James Piereson is president of the William E. Simon Foundation, a private, New York City grant-making foundation. Piereson is also a senior fellow at the Manhattan Institute in New York where he is director of the Center for the American University and chairman of the selection committee for the Veritas Fund, which allocates grants to programs on college and university campuses. Piereson was executive director and trustee of the John M. Olin Foundation from 1985 to 2005 when the foundation closed its doors. Before joining the John. M. Olin Foundation, he served on the political science faculties of several prominent universities, including Iowa State University (1974), Indiana University (1975), and the University of Pennsylvania (1976–82), where he taught courses on US government and political thought. 

 

Piereson is also trustee of the William E. Simon Foundation and  serves on the boards of several other tax-exempt institutions, including the Pinkerton Foundation, the Thomas W. Smith Foundation, the Center for Individual Rights, the Philanthropy Roundtable, the Foundation for Cultural Review (chairman), the American Spectator Foundation, the Hoover Institution, Donors Trust, and the Intercollegiate Studies Institute. He is a member of the selection committee for the Clare Boothe Luce Program for Women in the Sciences, Medicine, and Engineering, and is chairman of the selection committee for the Hayek Book Prize. He is also a member of the Grant Advisory Committee of the Searle Freedom Trust and of the publication committees of City Journal and National Affairs. Piereson is likewise a member of the executive advisory committee of the Graduate School of Business at the University of Rochester, of the board of visitors of the School of Public Policy at Pepperdine University, and of the advisory council of the Henry Salvatori Center for the Study of Individual Freedom at Claremont McKenna College.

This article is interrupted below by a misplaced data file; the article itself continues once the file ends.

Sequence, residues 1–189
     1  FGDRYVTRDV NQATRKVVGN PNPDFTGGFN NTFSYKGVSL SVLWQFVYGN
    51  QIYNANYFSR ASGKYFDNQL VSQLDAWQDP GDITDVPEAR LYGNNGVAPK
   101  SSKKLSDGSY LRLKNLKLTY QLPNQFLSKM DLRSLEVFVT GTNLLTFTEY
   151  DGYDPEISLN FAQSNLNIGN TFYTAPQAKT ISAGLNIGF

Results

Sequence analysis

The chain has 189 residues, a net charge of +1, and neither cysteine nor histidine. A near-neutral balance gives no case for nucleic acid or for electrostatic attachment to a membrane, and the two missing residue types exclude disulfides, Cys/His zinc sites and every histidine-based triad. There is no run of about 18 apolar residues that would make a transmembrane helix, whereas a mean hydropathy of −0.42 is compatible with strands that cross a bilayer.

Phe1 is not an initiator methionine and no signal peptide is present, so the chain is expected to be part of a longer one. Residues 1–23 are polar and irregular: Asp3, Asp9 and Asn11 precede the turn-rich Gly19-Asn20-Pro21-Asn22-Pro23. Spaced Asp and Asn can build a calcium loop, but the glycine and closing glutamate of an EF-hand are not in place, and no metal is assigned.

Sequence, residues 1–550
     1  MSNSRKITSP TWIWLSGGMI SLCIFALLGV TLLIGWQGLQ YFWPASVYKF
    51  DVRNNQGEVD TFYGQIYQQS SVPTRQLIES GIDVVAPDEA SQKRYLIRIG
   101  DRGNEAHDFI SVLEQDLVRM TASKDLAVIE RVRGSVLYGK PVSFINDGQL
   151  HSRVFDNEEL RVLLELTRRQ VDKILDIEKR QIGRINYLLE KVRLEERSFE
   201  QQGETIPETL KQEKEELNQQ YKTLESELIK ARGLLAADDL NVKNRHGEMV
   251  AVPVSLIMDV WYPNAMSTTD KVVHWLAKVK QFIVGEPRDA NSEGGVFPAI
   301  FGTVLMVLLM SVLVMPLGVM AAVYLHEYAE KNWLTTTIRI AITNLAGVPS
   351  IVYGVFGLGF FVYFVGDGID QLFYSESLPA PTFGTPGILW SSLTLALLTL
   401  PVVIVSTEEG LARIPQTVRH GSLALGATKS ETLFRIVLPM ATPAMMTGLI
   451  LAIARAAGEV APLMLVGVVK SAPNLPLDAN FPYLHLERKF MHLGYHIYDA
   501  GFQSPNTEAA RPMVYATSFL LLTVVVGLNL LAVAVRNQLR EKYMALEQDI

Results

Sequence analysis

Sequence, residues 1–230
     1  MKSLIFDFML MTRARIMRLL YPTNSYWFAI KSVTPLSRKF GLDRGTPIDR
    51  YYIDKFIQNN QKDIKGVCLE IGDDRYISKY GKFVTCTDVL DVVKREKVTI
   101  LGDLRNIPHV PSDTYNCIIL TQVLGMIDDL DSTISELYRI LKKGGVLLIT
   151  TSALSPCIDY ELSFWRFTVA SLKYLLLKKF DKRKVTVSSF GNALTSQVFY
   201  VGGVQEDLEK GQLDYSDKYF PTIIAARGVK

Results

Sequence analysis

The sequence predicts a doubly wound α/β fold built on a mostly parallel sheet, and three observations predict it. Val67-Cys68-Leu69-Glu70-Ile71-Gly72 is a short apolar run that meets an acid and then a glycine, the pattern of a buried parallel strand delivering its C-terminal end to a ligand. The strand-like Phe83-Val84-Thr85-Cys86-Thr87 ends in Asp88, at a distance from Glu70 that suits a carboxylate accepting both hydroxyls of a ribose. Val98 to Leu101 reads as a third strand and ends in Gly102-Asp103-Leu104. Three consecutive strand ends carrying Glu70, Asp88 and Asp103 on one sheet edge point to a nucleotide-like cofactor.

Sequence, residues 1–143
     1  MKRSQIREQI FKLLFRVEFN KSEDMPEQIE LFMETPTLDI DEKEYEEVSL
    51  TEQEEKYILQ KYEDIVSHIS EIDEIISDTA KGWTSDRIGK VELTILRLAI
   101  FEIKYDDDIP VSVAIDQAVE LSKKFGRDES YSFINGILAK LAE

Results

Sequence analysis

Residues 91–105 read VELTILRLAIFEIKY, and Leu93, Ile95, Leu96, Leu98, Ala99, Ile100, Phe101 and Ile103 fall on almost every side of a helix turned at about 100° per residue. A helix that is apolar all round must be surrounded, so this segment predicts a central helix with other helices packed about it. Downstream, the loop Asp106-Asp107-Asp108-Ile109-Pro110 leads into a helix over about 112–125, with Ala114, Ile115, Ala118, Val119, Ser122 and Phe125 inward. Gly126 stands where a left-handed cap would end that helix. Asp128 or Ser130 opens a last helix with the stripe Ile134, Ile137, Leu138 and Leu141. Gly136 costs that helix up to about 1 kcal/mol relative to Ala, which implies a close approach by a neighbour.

He is the author of Camelot and the Cultural Revolution: How the Assassination of John F. Kennedy Shattered American Liberalism (Encounter Books, 2007) and, with J. Sullivan and G. Marcus, of Political Tolerance and American Democracy (University of Chicago Press, 1982). He is the editor of The Pursuit of Liberty: Can the Ideals That Made America Great Provide a Model for the World (Encounter Books, 2008). He has also published articles and reviews in numerous journals, including Commentary, Philanthropy, The American Spectator, The Wall Street Journal, The Weekly Standard, and National Review.

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